Unfortunately, that is not the case. The Pentagon's strong bureaucratic inclination for focusing on symmetric adversaries with large, advanced air forces and navies (e.g., China) is crowding out needed investment in these more uncomfortable, yet more likely, scenarios. Just as terrorism was discounted before the 9/11 attacks, counter-WMD contingencies now do not get the attention that they merit, especially in an age when the technologies for developing such threatening capabilities are proliferating rapidly. The political sensitivity of the Pakistan scenario also ensures that such efforts are addressed in small rooms that garner few resources. This is a case of bureaucracy and organizational culture overwhelming imagination and appropriate hedging of the defense portfolio. Secretary of Defense Hagel should make dealing with WMD in failing states a central, driving factor in the Quadrennial Defense Review, and the development of WMD-related diplomatic strategies, interagency planning, and resources should be greatly accelerated and heightened.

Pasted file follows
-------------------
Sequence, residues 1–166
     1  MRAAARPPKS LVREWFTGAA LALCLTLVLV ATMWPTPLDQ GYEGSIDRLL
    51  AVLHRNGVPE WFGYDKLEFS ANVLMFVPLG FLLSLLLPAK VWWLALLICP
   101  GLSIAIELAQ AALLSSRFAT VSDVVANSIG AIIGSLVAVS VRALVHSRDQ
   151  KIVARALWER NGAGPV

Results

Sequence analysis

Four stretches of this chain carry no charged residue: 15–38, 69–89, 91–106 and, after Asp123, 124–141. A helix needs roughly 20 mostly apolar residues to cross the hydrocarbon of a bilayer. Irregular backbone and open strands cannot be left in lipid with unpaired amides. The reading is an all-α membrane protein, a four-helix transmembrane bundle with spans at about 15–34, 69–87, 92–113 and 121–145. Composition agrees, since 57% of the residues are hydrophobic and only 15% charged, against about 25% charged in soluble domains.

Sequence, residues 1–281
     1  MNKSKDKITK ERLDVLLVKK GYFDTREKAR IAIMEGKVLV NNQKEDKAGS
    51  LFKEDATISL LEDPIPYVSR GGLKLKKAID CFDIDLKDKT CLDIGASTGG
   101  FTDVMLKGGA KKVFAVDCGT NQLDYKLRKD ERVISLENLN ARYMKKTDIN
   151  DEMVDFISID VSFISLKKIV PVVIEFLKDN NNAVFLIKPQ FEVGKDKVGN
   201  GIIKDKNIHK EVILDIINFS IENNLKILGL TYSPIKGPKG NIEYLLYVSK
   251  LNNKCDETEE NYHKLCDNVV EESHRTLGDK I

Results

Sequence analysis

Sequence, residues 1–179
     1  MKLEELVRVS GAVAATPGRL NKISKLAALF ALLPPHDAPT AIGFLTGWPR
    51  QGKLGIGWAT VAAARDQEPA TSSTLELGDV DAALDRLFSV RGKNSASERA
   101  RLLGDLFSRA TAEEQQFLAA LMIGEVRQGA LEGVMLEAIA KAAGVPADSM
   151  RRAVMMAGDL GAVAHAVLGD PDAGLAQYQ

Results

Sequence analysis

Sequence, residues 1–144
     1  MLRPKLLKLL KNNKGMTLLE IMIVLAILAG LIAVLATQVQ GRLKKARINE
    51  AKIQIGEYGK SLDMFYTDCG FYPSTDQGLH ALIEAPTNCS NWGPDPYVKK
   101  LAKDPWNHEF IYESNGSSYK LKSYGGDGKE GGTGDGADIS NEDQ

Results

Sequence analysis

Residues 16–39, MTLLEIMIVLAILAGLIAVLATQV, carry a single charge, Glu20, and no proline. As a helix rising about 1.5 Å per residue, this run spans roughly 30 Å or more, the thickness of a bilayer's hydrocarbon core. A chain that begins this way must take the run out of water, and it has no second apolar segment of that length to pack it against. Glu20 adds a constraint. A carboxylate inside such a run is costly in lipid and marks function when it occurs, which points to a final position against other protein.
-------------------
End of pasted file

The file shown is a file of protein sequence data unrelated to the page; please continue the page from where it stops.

In Syria, the U.S. position up until now has been to provide non-lethal aid to vetted rebel groups and, essentially, to look the other way as other nations (e.g., Saudi Arabia and Qatar) provide more lethal forms of assistance, such as infantry arms and other military equipment. Calls for U.S. leadership to establish a no-fly zone to remove Assad's use of air forces against rebel groups and civilians have gone unheeded.